Miter Station

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Project by Tim Dorcas posted 08-14-2010 06:11 PM 4001 views 27 times favorited 12 comments Add to Favorites Watch

There’s a lot twists and turns on the way to making this Miter Station. I wrote about making it here. Essentially I was tired of crosscutting long pieces on my table saw and I wanted to practice making cabinets. The idea was to see if I could build something cheaper, faster and better made than medium grade kitchen cabinets. In the end, I’m not sure how much cheaper it was but I think I made the best of what I had. The shells are shop grade birch plywood. The drawers are poplar and the drawer fronts are maple. The ultimate goal was not to build a museum quality piece but to make something nice.

Some learning lessons:

1) It took a lot longer than I had hoped. I thought I could crank this out in about three weekends. It took a lot longer than that.

2) This was the first time I used water based stains and dyes. Let me just say, I don’t think I will be using anything else. I have been following Charles Neil in his weekly Mastering Woodworking series (a great subscription based tutorial program) and he advocates using water based products. I see why. If you look at my nightstands, I think I had to use four coats of Minwax black stain; not to mention the waiting time for everything to dry in between. With the General Finishes Ebony Dye (and in some cases Black Stain), I used two coats and I could apply both coats immediately. About the only bummer is that the black is so black you can’t see the tiger maple door fronts. Oh well.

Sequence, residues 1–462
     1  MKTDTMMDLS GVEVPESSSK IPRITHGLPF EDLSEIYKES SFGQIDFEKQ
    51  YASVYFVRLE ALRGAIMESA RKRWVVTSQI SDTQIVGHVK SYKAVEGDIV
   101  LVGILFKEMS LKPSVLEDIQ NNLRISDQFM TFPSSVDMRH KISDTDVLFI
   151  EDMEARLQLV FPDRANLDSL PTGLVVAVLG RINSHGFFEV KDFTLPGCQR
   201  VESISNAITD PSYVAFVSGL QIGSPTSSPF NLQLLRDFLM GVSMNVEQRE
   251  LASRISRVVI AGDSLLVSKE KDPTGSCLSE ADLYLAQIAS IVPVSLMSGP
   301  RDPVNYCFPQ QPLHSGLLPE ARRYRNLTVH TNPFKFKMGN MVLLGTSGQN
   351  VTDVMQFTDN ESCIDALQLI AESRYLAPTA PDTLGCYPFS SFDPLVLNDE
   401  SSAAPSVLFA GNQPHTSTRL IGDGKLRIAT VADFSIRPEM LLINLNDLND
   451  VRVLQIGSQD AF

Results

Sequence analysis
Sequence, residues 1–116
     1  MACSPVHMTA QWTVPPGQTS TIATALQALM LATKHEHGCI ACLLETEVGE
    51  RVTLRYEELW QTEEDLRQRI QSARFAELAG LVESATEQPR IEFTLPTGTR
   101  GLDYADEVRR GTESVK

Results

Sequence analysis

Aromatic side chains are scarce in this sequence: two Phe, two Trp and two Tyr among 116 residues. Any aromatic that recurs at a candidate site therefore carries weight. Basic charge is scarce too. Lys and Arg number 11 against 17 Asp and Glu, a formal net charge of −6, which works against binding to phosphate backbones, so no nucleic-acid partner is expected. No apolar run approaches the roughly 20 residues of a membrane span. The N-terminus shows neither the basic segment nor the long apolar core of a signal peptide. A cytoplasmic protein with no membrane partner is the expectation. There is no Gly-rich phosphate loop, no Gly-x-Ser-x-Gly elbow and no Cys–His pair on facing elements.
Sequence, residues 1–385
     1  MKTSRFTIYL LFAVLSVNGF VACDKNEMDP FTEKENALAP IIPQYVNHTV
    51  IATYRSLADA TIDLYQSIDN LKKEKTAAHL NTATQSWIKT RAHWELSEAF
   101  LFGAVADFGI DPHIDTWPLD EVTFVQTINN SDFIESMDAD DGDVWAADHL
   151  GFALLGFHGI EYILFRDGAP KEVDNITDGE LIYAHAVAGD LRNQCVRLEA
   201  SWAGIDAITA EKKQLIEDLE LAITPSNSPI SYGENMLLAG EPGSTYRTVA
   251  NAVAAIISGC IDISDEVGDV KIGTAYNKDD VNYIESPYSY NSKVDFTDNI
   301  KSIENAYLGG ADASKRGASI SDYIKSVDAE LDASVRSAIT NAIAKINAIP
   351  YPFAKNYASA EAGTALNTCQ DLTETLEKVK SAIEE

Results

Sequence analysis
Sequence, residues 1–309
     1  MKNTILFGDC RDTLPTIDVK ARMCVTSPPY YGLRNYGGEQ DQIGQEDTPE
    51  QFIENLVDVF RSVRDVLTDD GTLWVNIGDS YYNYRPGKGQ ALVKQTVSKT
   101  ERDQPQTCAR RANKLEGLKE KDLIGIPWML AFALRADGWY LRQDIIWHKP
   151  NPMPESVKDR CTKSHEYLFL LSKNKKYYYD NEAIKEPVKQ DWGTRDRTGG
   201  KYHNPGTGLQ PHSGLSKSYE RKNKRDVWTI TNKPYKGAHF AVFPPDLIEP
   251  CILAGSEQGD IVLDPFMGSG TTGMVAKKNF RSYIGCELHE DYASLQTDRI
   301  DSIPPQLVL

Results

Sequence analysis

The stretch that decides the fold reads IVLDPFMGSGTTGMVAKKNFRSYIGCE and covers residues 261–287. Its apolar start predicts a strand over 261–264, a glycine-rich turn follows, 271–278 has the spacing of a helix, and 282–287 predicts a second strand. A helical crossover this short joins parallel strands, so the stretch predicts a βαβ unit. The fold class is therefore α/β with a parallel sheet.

3) This is the first project I used with a sprayer – more specifically the Earlex Spray Station Pro. It made top coating much easier. And again I used a General Finishes water based Gloss top coat. That helped to speed things up as well. It dried in no time so I could add layers fairly quickly.

4) I hate sanding! There is no part of the cabinet (even the drawers) that didn’t get sanded at least a couple of times. Even with the Festool ETS 150 which admittedly makes sanding a little easier, I can honestly say when I knew I had to sand something that day, I was unhappy. Lots and lots of sanding!

5) I cheaped out on the drawer slides. Next time I will spend the money and get full extension drawers for everything.

6) Black cabinets in the shop are a no no. This is probably the cleanest it is ever going to be.

The initial design was to have the middle cabinet roll out when I had something too long to fit in that space. Considering the amount of effort that went into trying to make all of the cabinet surfaces level and flush, I don’t think it’s going anywhere.

There are a few minor things left to do including making a dust collection system to contain the debris. However I really need to finish up another project so it will have to wait.

As all projects are…this was great learning project. And I’m at my favorite part of the woodworking process, sitting back and admiring what I have achieved.


-- - A Woodworking & Renovation Blog & - I make. You buy.

12 comments so far

View Dennisgrosen's profile


10880 posts in 3258 days

#1 posted 08-14-2010 06:20 PM

congrat´s with a realy niiiiice mitterstation
but as you said enjoy your black work now …......LOL


View Ken90712's profile


17575 posts in 3331 days